I visited Santiago de Chile for a long weekend with my roommate . We arrived after a short flight from Córdoba to Santiago, flew through security and customs, and I didn’t even have to pay the “reciprocity fee.” (Maybe they realized what a bad time I was to have in their city) We met a nice gentleman (from California!) with whom we split a cab with from the airport to downtown. Before going to our hostel, we decided to get some Chilean pesos from a money exchange. While in line, I noticed a group of guys pointing, laughing, and making comments about my suitcase! (Hey! Hot pink is awesome! Don’t be jealous!) I just ignored them and brushed it off. We arrived at our hostel and decided to take a nap (as I had gone out the night before in Córdoba and gotten home at 3am when we had to wake up at 5am to catch our flight. =P
We decided to go check out the city. I had wanted to find some nice leather boots. We went to a big shopping district using the metro, which was extremely crowded and lots of people shove you when getting on and off the subway, which is not much different from the shopping district – it’s like a free for all – really off-putting. I went into a store and asked (in Spanish) if they had my size. The store clerk SCOFFED at me then said very condescendingly that they did not carry “that big of a size.” He then turns around to the other store clerk and they LAUGH about our conversation! I was so embarrassed and irritated that all I wanted to do was so back to our hostel. I don’t understand to this day how the both of them could blatantly be so mean to a potential customer! And yes, I wear a bigger size of shoe than the average Chilean woman, but I am also much taller than the average Chilean woman! I don’t see how someone who is different deserves to be laughed at in their face! After people already being so rude all day, I was NOT feeling Santiago anymore!
Back at the hostel, though, we met three women who were staying in our dorm room: one from South Africa who was living in Lima, one from England who is living in Concepción, Chile, and another half German – half Peruvian woman who lives in Lima. These girls were definitely the redeeming factor of our stay in Santiago. I told them how we had been treated all day and they were shocked but also told us that they had some similar experiences. So we bonded over that, decided to go shopping to make dinner and then decided to go out that night to a gay club. We had a great time drinking wine, learning about one another and making our dinner, which was much-needed after the earlier treatment.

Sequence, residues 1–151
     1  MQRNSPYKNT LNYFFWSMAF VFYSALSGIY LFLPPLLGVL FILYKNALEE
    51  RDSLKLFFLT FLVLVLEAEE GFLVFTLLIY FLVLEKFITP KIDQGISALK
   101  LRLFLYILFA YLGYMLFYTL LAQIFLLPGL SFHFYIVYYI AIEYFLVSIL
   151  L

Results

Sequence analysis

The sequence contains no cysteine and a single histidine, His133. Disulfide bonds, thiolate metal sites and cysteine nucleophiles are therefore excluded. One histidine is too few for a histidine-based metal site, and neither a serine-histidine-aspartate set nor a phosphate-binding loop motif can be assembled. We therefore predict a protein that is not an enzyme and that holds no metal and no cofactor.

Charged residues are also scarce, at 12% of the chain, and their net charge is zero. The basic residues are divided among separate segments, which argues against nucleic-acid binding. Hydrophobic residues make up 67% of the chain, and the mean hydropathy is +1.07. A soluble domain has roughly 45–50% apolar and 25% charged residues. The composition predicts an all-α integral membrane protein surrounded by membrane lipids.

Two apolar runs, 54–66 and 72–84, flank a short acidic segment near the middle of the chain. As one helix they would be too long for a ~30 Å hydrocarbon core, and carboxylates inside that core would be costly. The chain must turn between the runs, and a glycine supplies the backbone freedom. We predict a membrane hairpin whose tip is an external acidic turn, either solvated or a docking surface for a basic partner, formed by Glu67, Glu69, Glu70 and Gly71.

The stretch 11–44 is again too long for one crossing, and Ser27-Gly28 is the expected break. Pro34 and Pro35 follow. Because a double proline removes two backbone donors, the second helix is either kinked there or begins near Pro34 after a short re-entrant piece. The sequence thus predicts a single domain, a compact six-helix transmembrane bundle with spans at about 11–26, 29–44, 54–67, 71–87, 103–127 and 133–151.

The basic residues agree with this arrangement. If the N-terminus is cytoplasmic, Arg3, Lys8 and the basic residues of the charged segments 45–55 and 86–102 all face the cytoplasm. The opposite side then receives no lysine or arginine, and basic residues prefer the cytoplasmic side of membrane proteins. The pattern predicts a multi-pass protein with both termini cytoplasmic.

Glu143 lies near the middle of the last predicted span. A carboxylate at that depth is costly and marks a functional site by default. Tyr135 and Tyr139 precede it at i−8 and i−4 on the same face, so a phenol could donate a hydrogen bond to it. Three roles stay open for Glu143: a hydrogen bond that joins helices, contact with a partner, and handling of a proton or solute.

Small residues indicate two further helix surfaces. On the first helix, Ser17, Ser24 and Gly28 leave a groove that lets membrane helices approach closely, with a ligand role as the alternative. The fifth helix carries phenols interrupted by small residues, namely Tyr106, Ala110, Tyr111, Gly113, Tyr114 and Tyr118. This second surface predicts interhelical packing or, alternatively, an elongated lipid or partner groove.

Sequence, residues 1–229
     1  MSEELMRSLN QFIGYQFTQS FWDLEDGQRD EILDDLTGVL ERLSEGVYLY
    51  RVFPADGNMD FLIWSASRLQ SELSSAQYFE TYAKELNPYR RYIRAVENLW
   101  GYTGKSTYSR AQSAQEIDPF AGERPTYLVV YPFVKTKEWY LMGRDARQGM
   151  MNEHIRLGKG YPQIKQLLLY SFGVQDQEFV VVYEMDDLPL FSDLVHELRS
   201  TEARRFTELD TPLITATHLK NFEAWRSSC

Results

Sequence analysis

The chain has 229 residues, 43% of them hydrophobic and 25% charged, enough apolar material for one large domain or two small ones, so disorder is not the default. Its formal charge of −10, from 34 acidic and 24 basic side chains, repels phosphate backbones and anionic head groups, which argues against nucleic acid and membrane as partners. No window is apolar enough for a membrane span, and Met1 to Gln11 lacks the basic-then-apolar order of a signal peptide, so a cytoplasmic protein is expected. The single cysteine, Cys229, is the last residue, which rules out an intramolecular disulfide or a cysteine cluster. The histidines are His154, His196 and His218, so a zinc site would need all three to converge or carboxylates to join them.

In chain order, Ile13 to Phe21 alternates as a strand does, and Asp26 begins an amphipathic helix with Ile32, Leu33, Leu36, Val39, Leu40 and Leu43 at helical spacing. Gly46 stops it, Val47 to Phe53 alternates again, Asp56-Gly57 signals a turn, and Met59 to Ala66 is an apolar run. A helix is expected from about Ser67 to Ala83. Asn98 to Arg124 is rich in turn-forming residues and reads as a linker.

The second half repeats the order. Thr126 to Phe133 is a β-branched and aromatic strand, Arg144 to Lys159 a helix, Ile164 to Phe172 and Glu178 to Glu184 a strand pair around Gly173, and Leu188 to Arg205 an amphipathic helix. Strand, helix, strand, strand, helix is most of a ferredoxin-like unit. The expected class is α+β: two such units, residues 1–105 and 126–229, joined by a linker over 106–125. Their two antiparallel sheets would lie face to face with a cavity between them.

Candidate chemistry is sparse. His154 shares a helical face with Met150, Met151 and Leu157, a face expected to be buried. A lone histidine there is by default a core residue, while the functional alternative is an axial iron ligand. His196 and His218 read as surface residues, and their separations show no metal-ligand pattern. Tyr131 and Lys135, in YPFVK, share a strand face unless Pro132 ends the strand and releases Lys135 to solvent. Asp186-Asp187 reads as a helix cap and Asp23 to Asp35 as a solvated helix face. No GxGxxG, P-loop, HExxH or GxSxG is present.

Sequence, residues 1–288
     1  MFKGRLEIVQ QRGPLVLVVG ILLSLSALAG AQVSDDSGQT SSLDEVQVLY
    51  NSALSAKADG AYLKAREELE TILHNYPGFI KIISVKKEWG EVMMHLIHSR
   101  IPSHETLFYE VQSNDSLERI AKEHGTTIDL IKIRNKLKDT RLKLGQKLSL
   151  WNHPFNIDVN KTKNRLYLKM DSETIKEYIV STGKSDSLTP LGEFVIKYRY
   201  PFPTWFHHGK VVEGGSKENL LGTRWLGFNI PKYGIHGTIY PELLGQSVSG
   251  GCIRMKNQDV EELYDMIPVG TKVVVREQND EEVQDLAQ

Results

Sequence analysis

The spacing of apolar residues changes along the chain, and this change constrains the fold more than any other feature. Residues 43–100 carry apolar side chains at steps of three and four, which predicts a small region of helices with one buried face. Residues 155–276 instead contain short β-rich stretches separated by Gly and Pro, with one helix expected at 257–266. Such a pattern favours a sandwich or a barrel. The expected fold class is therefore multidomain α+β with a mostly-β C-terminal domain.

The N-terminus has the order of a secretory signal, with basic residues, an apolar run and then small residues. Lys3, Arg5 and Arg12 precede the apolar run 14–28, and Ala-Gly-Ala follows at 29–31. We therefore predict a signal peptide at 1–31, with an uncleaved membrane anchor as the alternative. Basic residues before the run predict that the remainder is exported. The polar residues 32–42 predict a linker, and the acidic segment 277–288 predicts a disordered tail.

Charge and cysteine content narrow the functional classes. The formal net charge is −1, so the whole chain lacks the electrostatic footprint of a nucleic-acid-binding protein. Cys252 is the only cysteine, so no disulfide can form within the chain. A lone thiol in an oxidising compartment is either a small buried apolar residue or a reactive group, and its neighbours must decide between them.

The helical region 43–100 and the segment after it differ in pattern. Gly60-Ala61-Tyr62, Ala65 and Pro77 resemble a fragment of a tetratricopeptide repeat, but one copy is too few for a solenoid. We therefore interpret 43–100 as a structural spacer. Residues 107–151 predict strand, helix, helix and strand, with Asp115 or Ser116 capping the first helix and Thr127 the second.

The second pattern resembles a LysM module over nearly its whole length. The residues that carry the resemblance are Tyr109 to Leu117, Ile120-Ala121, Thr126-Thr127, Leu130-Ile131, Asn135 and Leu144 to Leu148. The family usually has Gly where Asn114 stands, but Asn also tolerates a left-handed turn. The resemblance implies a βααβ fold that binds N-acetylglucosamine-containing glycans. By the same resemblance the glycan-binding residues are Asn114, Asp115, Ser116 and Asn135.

We ended up having a blast at the gay club. It was actually a full on drag queen show complete with dancing and singing performances. They even pulled us up on stage to be part of the show for a few minutes! One of the women and I were bothered by all the cigarette smoke, so we decided to head down the street to get choripan (sausage baguette sandwich – yum!) We both ordered in Spanish, but reverted to English (as that is both our native language). There was another large group of younger people across the small restaurant. My friend and I were talking and then I heard one of the younger girls loudly mocking us in Spanish saying things like “Oh look at me, I speak English! …gringas…blancas jajaja!” I just looked over at them and shook my head. I told my friend that I was really getting tired of this and she agreed. She was shocked, because she lives about 9 hours or so away and it’s a different world. We left feeling disheartened and not understanding why so many people chose to treat us so rudely.
We met up with someone from Couchsurfing, who lives in Santiago and he was really sweet. He took us on a walking tour of the city. One of my favorite parts was the Cerro San Cristóbal, which had great views of the city and the Andes. The Park was great as it afforded a breather from and views of the city and a history lesson from our lovely new friend, Ricardo. There were statues of Pedro Valdivia whom I had read about in Isabel Allende’s historically accurate novel Ines of My Soul – read it!) Apparently, this is the hill where Valdivia and his soldiers defeated the indigenous warriors and claimed Santiago as their own. It was amazing to be standing on such historical importance.
My other favorite/interesting part was the protesting at the University to advocate for free higher education for all. It was a foreign concept for me, coming from California, where we pay exorbitant prices for education. I appreciate the enthusiasm to obtain an education, but Ricardo let us in on the darker side (somewhat like with the Occupy Movement) of the effects felts by citizens of the city who are trapped in their apartments with riot police standing guard and their banks shut down. Regardless, it was an interesting experience. Here are the some of the photos:
Overall, based on the treatment of myself and friends, I will not be returning to Santiago, despite the few redeeming factors.I have never been to a place where I was mistreated and disrespected so much for no reason, and I have been to Paris! I really wanted to like Santiago, but aside from my newfound friends that I met, I was not impressed and will avoid at all costs going to Santiago again. It’s hard to enjoy a city where you feel discriminated against multiple times a day simply because you are not from there.